If, that is, you don’t count “Other”, which comes ahead of the Home Secretary but behind the two front-runners.
The Prisons Minister says reducing the numbers incarcerated for under a year “would be good for public safety, good for the individuals and good for the prison system”.
The survey went out as Javid replaced Rudd, and he has bounced up to become the only other person polled who gets into double figures.
The changes in the ratings of the top three are almost unchanged, another tribute to the consistency of the poll.
Amy Chua says they are blind to the decisive importance of tribal politics – an obliviousness which extends to America itself, and prepared the way for Trump.
Meanwhile, 51 per cent of respondents believe that Theresa May should resign as Party leader before the next election.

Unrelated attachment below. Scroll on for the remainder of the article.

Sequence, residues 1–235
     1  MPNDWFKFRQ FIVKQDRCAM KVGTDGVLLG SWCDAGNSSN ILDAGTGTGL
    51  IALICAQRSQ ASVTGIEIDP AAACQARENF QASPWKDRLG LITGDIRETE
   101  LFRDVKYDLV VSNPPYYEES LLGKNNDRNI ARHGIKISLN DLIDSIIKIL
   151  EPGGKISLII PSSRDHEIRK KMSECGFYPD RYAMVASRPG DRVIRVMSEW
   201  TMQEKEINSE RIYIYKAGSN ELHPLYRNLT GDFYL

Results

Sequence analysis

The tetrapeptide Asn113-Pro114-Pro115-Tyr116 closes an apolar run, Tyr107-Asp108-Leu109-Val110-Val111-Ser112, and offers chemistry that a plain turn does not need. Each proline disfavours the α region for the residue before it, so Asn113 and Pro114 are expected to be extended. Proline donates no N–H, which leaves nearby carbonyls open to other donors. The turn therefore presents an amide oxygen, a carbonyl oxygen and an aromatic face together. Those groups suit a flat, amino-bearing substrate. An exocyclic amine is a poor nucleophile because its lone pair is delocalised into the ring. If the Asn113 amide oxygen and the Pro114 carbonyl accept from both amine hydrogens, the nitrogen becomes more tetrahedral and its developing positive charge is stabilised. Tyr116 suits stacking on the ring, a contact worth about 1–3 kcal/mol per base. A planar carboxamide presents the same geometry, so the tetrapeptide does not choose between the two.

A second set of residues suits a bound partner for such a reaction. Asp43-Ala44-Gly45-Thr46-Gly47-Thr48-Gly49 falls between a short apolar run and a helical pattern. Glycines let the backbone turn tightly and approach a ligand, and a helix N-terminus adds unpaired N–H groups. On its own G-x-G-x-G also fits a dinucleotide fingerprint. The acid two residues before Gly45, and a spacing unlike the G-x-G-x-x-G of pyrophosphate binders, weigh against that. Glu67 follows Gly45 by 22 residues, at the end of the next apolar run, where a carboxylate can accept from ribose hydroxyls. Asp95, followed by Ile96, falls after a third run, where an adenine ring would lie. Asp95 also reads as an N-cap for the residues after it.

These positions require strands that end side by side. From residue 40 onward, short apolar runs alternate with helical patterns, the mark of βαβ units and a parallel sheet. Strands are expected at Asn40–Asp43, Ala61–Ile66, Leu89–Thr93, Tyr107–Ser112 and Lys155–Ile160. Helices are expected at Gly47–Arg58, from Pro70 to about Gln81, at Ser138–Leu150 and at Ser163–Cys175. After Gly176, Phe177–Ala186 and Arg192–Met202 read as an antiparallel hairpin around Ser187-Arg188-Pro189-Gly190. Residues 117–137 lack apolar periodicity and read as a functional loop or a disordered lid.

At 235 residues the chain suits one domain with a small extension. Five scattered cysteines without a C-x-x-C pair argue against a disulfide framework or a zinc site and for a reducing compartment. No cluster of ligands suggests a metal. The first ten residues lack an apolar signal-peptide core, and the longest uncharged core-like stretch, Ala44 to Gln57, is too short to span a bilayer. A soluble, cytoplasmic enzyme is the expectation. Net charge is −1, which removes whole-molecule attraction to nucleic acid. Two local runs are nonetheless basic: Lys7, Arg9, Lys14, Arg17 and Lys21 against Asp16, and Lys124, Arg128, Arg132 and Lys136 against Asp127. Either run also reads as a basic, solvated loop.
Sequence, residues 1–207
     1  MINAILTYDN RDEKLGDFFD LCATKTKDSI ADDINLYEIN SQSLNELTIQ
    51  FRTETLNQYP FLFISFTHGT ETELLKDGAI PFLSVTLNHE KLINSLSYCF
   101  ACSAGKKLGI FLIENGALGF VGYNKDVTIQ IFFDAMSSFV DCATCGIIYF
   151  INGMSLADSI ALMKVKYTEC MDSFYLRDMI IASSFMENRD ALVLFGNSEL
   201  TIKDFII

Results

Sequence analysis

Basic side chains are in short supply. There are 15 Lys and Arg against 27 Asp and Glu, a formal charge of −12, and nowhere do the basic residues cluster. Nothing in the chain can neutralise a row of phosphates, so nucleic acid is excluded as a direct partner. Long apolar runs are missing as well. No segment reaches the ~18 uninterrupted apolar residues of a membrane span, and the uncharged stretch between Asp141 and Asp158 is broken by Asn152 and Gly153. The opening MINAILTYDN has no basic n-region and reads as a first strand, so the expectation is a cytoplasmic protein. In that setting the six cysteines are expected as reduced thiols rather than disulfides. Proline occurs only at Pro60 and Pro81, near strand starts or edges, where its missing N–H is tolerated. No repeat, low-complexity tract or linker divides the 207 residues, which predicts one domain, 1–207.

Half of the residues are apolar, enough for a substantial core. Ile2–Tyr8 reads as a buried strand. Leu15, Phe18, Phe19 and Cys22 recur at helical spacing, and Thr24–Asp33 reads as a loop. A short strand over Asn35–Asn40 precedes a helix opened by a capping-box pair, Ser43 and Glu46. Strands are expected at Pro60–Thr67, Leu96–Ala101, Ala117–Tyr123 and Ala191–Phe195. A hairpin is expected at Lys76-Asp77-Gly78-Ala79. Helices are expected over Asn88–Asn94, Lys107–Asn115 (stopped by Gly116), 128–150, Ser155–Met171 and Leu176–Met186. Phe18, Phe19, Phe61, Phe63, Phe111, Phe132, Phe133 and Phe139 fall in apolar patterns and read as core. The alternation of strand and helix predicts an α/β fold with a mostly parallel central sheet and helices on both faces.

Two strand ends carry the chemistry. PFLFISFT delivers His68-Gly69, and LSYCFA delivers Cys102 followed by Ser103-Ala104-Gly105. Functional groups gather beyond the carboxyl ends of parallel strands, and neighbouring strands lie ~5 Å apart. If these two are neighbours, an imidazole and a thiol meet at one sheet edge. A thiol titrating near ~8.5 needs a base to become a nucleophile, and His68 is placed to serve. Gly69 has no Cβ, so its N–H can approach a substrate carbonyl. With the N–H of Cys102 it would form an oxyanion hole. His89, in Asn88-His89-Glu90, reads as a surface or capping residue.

Respondents are much where they were a few weeks ago, for all the turmoil that has taken place since the reshuffle.
Cabinet Ministers were told yesterday that the shuffle will be “significant”, but that word covers a multitude of possibilities.
Our take is that our panel is waiting to see what happens next, and suspending judgement as the political cycle and Brexit negotiations continue.
Futhermore, the Government needs to sharpen up its sense of mission. And there is a heap of talent on the Tory backbenches.
Jo Johnson is third. Then Greg Hands and Matt Hancock. But those who lead the results may be no less likely to go up than those who trail them.
Add together the totals of those named who backed Brexit, and one reaches a total of nearly 60 per cent of the vote.
The Mercers, Tugendhats and Cleverlys get a lot of media coverage. However, most promotions come from the ranks of the toiling Ministers of State.
Patel got a lot done – in particular, improving international rules about emergency spending. Now her successor must work on an aid policy for Global Britain.